[Kristian Harting’s Summer of Crush is out today via Exile on Mainstream. Press play above to stream it in full.]
Almost on a per-song basis, Summer of Crush presents its audience with a lesson in how to capture scope within a solo performance. The album is the second for Copenhagen singer-songwriter Kristian Harting after 2014’s Float, which was also released via respected purveyors of the experimental Exile on Mainstream, and its 12 tracks/35 minutes are simultaneously intimate and grand. That’s rare enough, but Harting is a genuine solo act — he wrote, performed and recorded Summer of Crush entirely on its own, and given the breadth he shows, there’s no option in listening except to read purpose behind each of the turns in style or mood. Foot-pedaled synth and acoustic guitar intertwine with progressive folk without losing emotional resonance, and though a minute-long cut like “Cannibals” comes off minimal in its intent, it furthers the context of the record as a whole, which remains immersive, fluid and engaging, wherever Harting decides to go or is guided by a given track.
Songs feel built in the studio — “Ship of Fools” has percussion, layers synth, atmospheric guitar noise and a bassline — but Harting is never trying to trick his audience into thinking there’s a full band at work. Summer of Crush deftly retains its solo feel and is stronger for it, a solitary mood persistent across two sides constructed for vinyl but united by themes of travel, departure, movement. From the opening duo, “Traveller” [sic] and “Temporary Rooms,” Harting captures a moment as fleeting as the season from which the record takes its name, and as he careens from one piece into the next, it’s in the resolution of the final three tracks that he makes plain the directions he’s taking.
Hell, even the album’s cover brings a compass to mind, and with a heart at the center, it’s true to the nature of Summer of Crush as a whole. Its approach to beauty is unabashed, and as “Traveller” begins with soft acoustic pluck and deeper-mixed shaker, the nod toward complexity is subtle but by no means absent. Harting isn’t through the first song before a Morricone guitar echoes over top his acoustic, but “Temporary Rooms,” with a synth line that feels drawn from the teenage dramas of ’80s New Wave and an echoing low end guitar to match in the style of Angelo Badalamenti circa Twin Peaks — both set to an uptempo drum beat — is an immediate expansion. Harting himself is the unifying theme between the two songs, but he backs himself vocally on the second cut in a way the opener avoided, and sets forth a richness that “White Spirits” continues to build upon with an early drone-folk pulse that later gives way to full-on abrasive noise.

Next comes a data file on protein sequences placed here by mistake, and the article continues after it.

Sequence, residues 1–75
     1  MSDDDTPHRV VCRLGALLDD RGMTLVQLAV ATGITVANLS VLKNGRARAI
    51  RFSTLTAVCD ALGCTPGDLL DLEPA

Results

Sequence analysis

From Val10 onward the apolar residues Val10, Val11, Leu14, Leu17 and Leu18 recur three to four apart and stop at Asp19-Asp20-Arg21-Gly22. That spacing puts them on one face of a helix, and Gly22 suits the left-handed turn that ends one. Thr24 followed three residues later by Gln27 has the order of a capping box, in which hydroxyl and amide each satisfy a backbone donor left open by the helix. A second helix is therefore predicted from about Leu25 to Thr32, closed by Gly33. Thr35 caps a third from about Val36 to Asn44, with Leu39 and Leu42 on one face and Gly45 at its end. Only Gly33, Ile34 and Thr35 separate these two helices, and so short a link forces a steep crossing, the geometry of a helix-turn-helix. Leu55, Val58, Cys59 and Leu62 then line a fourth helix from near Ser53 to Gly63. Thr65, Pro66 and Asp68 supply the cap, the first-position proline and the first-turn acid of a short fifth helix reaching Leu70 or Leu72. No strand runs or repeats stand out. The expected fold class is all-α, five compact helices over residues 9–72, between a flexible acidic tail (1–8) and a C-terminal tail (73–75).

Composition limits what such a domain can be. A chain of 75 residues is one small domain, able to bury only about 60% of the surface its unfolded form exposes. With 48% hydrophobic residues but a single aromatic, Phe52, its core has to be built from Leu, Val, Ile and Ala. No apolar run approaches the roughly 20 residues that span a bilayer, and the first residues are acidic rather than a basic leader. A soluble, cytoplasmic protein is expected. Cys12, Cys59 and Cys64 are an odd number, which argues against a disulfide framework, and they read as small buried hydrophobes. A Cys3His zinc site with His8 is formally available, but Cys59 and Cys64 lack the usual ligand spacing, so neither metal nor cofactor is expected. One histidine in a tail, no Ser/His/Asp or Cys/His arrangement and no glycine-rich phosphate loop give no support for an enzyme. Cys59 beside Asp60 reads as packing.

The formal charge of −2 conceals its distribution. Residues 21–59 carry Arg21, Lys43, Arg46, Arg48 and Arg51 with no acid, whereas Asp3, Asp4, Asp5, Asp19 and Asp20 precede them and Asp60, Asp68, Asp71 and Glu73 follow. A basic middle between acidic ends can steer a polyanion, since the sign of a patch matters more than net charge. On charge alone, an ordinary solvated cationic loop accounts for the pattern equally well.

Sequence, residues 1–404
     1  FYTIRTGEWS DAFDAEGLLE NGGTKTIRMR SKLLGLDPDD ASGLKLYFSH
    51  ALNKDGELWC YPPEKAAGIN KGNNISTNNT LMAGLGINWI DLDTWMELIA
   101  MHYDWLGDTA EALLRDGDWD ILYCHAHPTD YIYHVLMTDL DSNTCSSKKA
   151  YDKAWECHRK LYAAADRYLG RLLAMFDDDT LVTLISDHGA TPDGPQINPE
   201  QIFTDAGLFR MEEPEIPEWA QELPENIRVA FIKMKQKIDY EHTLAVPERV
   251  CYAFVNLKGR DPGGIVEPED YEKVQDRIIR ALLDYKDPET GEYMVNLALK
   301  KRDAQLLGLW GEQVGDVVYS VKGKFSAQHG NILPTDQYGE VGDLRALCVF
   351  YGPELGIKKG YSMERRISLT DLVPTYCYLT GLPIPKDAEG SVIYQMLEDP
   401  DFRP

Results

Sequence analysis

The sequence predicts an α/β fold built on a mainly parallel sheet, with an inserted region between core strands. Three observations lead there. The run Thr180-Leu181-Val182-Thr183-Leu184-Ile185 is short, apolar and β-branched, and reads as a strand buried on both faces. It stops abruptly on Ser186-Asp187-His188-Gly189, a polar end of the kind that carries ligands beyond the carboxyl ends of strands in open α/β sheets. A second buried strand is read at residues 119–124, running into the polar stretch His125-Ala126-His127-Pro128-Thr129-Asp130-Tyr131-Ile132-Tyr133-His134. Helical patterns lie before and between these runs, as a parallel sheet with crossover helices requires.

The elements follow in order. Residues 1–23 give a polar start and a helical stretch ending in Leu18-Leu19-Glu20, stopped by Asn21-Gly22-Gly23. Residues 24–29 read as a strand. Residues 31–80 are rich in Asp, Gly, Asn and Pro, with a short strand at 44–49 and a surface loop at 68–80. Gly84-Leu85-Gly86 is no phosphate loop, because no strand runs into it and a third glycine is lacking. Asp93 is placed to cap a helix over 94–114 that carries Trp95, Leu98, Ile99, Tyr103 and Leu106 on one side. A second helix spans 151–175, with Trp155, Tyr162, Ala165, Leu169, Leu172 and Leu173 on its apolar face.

Miraculously, the chorus reemerges, unscathed from that momentary assault, and after a final moment of sweetness, “High High” taps coffeehouse lyrical cleverness and a more forward vocal presence, almost reminding of Michael Gira in Angels of Light during the verses, the second of which has an insistent kind of alarm sound deep under the melodic wash, just enough to be jarring until finally Harting hits the snooze button and lulls the listener back away from consciousness and toward the fuzzier, almost bouncing “I am You 2.” I don’t know if there was a first “I am You,” or if this is it — it wasn’t on Float — but the apparent sequel marries a wall of distorted guitar with a sweet sing-along, reveling in the contrast over a simple, programmed-sounding drum beat as “I am You 2” begins a section of shorter songs that moves forward through “Spirits Revisited,” an answer perhaps to “White Spirits” that gracefully blends noise, low-end synth and post-rock guitar airiness for a brief instrumental, and into “Cannibals,” which draws back the arrangement to a foundation of acoustic guitar and vocals. Like “Traveller” and “Temporary Rooms,” it is no accident that “Spirits Revisited” and “Cannibals” are paired up on the CD, though they’re also where the break in vinyl sides occurs.